2 EPS. Only after introducing full-length copies of rosR into Rt24.2 (especially under its own promoter, on plasmid pBR24), the negative dominant effect had been overcome, with the increase of EPS synthesis up to 183% of the control. These results suggested that additional copies of the rosR upstream region with the RosR-box sequence, rather than RosR protein deprived of the C-terminal DNA binding domain, affected the level of EPS production. Most likely, the positive regulation of EPS synthesis by RosR depends
on an equilibrium between rosR regulatory sequences and the amount of RosR. These results explain, to some extent, the phenotype of the Rt2441 mutant. Figure 2 The effect of additional copies of different regulatory rosR sequences on the EPS production by R. leguminosarum. Data shown are the means of three replicates ± SD. EPSs isolated from the Rt24.2 wild type and Rt2440 and Rt2441 rosR mutants were fractionated by Rabusertib manufacturer gel permeation chromatography on a Bio-Gel A-5m column, and two fractions of EPS with significantly different molecular weights were obtained (Figure 3A). The ratio of high-molecular-weight (HMW) to low-molecular-weight (LMW) fractions was 68%:32% in the EPS of Rt24.2 wild type. In the Rt2440 and Rt2441 rosR mutants, a considerable change was observed in the HMW to LMW EPS ratio in favor CX-6258 ic50 of HMW, i.e., 79%:21% and 76%:24%, respectively. To
establish the sugar composition of EPS Adenosine triphosphate of the wild type and the rosR mutant, peak samples from Bio-Gel A-5m chromatography (Figure 3A) were evaluated for monosaccharide composition by GC-MS. The glucose/glucuronic acid/galactose ratio was found to be approximately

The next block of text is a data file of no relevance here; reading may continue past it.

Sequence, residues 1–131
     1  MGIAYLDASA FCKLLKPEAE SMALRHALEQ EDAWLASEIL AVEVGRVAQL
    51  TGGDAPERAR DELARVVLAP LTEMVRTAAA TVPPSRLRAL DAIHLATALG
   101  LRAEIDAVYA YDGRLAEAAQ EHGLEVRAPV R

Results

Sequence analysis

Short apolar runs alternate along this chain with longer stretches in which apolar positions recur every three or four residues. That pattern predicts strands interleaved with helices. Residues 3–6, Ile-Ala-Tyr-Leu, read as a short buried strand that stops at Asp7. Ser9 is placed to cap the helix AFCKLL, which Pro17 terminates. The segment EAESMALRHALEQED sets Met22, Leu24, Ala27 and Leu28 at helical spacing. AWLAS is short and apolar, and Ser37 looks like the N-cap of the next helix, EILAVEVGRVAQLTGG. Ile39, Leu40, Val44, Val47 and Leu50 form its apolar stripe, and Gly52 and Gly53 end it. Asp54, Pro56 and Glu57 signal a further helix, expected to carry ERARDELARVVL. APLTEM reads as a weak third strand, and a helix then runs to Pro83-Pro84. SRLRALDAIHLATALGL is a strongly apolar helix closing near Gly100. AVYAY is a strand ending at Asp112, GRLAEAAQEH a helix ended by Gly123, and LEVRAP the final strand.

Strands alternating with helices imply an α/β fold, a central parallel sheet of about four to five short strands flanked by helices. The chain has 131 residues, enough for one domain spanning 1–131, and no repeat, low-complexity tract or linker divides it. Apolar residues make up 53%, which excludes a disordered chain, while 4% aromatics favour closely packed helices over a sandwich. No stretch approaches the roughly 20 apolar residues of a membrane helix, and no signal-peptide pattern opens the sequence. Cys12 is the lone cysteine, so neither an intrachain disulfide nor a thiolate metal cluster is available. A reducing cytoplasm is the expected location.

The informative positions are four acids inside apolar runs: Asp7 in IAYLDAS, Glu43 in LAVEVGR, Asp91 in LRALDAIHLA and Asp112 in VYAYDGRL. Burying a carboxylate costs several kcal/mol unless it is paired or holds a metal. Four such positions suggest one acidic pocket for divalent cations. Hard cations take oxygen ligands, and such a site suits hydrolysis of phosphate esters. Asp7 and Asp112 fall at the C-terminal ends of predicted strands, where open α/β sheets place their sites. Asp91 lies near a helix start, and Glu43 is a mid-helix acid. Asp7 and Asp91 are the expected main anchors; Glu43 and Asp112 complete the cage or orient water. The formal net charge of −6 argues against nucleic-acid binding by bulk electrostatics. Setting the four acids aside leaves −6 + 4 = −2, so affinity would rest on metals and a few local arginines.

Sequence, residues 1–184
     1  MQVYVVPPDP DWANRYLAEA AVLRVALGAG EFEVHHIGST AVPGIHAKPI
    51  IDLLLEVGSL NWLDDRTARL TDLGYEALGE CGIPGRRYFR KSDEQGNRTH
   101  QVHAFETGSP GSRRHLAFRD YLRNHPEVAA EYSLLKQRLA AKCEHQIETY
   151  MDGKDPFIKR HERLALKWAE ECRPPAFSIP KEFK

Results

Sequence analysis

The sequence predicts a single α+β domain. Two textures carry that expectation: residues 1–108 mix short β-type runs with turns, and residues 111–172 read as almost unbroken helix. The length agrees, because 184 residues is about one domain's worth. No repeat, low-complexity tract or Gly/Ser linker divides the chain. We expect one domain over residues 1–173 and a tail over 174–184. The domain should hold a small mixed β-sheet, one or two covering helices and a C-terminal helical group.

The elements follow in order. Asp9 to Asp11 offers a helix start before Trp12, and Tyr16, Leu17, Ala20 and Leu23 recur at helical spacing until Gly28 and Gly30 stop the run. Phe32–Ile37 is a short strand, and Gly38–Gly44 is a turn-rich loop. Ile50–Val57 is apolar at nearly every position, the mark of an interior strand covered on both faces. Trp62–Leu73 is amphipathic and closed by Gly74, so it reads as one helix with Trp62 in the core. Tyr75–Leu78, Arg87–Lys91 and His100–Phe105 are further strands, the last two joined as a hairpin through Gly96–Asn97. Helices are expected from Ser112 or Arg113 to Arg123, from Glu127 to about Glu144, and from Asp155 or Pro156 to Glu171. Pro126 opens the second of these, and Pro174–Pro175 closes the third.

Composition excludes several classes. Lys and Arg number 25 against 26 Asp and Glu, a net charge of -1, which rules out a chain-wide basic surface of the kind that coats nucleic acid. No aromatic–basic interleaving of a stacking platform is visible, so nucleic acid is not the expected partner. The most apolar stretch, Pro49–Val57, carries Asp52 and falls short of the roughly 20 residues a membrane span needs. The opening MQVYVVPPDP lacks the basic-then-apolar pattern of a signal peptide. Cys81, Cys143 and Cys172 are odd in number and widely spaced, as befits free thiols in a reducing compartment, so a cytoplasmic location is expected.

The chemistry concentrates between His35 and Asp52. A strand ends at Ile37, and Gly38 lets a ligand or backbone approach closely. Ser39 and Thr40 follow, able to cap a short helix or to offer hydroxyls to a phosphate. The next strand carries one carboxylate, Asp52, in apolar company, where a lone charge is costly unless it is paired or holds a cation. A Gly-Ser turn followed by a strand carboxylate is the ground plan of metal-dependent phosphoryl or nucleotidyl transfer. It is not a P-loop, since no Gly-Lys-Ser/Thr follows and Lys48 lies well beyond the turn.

5:2:1, which is characteristic of the acidic EPS of R. leguminosarum (Figure 3C). Additionally, non-carbohydrate substituents in the EPS of Rt2440 and Rt24.2 wild type were determined (Figure 3B-C). EPS secreted by the rosR mutant had a lower level of O-acetyl and 3-hydroxybutyryl substitutions and slightly more pyruvyl substitutions in relation to the wild type EPS (Figure 3B). Figure 3 Gel filtration chromatography of exopolysaccharides (EPS) produced by the R. leguminosarum bv. trifolii 24.2 wild type and the rosR mutants (Rt2440 and Rt2441). (A) EPS was fractionated on a Bio-Gel A-5m column, as described in the Methods. The retention times of molecular mass markers: dextran blue (2 MDa), dextran T250 (250 kDa), and dextran T10 (10 kDa) are indicated by arrows. (B) A 500 MHz 1H-NMR spectrometry analysis of the R. leguminosarum wild type and the rosR mutant (Rt2440). (C) The glycosyl components and non-carbohydrate substituents of EPS from the wild type and the mutant Rt2440. (D) Silver-stained Tricine SDS-PAGE profiles of LPS from the wild type and the rosR mutants. LPSs (2 μg) were loaded in 2 μl sample buffer. Lanes: 1- Salmonella enterica sv. Typhimurium (Sigma), 2- wild type Rt24.2, 3- Rt2440, 4- Rt2441. LPS I, high-molecular-weight LPS; LPS II, low-molecular-weight LPS.